In November 2017, after severe opposition, the Karnataka government had ordered the demolition of the iconic Krumbiegel Hall, located in Bengaluru’s Lalbagh Botanical Garden.
Years of neglect had caused a part of the structure’s wall and ceiling to crumble last year, after which it was completely razed down in November 2017.
After much deliberation, the Department of Horticulture has now decided to hand over the project to the Archaeological Department to carry out the reconstruction.
According to Dr M Jagadish, Joint Director of the Department of Horticulture, the tenders will be called for in the near future.
“We have handed over the task to the Archaeological Department. They have been conducting a feasibility study. They will call for tenders soon,” he said.
The department was supposed to call for tenders in April, however, the process was stalled as the election code of conduct was in place, Dr Jagadish said.
“The Archaeological Department was in the process of conducting a technical feasibility study, which they completed recently, the tenders will be called for in a few weeks,” he added.
The department will be allotted Rs 98 lakh for the reconstruction in a 25x35 square-ft space.
The 200-year-old Krubiegel Hall’s wall had collapsed after a bout of heavy rainfall in Bengaluru in 2017. Following this, the Horticulture Department had decided to demolish the structure and reconstruct it.
Sources in the Horticulture Department said that despite several studies which were submitted in the past regarding the danger of the hall collapsing, the state government had not taken any measures to protect the heritage structure.
In 2007, Civil Aid Technoclinic Pvt Ltd had submitted a study about the condition of Krumbiegel Hall to the Horticulture Department.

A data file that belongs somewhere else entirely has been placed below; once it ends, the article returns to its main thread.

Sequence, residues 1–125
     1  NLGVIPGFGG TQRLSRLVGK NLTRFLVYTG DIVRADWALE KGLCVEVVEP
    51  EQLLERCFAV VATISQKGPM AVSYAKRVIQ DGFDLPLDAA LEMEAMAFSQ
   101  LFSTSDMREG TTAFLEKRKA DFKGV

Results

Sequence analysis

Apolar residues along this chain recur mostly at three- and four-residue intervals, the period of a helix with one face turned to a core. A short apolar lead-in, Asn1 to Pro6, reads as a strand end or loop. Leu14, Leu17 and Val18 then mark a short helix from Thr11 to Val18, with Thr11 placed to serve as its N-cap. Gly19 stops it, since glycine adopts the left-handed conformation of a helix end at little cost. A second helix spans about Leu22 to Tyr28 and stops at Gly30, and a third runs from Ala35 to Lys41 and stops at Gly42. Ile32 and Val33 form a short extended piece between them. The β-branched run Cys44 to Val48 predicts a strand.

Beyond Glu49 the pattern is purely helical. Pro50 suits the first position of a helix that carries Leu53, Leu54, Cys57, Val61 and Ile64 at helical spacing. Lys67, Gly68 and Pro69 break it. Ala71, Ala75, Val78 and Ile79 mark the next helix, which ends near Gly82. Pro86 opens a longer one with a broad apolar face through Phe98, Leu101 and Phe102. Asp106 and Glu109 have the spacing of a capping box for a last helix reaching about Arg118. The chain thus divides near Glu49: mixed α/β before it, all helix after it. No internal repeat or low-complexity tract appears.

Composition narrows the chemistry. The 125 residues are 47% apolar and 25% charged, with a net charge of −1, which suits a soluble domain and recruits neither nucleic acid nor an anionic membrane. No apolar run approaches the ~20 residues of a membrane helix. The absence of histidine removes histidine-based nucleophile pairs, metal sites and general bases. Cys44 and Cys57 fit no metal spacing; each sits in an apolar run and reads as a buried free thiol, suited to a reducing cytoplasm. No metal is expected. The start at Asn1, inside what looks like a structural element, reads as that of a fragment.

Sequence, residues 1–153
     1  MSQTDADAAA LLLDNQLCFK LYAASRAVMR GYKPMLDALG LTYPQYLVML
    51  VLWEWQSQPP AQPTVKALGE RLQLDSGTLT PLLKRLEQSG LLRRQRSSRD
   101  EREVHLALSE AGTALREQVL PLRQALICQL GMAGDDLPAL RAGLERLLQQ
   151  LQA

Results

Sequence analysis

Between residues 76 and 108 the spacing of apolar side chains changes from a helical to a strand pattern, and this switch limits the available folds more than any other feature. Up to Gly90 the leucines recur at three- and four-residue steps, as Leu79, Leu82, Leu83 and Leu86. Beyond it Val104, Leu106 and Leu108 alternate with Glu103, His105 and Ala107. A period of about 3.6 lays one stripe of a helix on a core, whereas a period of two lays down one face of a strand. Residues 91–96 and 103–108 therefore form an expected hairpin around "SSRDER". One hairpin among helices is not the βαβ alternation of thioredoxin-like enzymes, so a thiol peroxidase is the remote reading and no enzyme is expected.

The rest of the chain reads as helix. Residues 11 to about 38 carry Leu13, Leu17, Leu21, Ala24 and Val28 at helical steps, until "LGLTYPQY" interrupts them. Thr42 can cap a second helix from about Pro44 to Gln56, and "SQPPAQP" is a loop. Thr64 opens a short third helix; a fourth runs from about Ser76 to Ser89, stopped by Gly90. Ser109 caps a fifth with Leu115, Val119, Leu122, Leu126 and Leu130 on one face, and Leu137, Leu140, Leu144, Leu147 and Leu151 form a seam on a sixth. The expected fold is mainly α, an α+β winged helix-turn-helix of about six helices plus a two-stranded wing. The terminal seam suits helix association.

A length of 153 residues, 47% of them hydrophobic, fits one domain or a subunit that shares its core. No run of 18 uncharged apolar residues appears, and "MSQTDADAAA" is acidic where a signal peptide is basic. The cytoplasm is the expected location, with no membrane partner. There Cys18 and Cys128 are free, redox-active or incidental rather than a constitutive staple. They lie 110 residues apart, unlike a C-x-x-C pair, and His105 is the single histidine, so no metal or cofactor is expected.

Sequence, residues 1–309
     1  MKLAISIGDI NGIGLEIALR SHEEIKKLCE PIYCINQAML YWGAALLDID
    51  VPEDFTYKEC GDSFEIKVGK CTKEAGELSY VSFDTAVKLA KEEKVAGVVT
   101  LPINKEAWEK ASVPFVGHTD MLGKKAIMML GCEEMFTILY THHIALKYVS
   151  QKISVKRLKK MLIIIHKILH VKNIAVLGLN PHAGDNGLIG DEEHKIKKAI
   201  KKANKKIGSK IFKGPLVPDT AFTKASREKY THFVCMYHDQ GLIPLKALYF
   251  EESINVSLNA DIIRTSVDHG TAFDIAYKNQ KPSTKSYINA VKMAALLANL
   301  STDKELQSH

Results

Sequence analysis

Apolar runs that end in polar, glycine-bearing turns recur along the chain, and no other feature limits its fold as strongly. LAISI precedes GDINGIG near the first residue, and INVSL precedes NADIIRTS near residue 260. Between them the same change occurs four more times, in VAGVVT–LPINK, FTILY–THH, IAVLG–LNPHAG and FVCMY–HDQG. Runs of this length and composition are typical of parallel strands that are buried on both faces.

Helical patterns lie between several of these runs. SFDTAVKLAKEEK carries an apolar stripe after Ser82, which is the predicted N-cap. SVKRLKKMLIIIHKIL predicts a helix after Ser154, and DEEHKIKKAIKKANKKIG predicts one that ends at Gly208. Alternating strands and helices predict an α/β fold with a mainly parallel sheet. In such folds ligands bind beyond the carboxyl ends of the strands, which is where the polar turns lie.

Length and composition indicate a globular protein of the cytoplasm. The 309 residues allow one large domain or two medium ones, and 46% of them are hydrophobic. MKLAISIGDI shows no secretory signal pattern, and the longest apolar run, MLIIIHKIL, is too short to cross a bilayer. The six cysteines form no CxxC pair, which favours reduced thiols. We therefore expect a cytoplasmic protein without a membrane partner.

“The report had stated that mortar and iron used for constructing the hall were not strong enough due to years of neglect. The report had said that the iron used for construction was riddled with rust. The report had also recommended immediate restoration of the structure,” the source said.
The Indian National Trust for Art and Cultural Heritage (INTACH) had in 2010 offered to take up the restoration work and had proposed to complete the work at the cost of Rs 1.95 crore. The Department of Public Works (PWD) had offered Rs 1.1 crore and the plan had been shelved after that.
“PWD had said that the cost of restoration would be too high and had recommended that the structure be brought down and a new structure be constructed instead,” the source added.
In 2017, although the façade of the hall remained intact, the inside had caved in. The hall had vegetation growing out of it and the waterproofing was damaged.
“It was being used as a place to dump waste generated in Lalbagh,” the source said.
Sometime between 1908 and 1932, the Superintendent of the Lalbagh decided to construct a space within the garden for training students in the field of Horticulture.
Hence, a 25x35 sq-ft space was selected, where the hall was constructed and named after the garden’s first Superintendent Gustav Krumbiegel.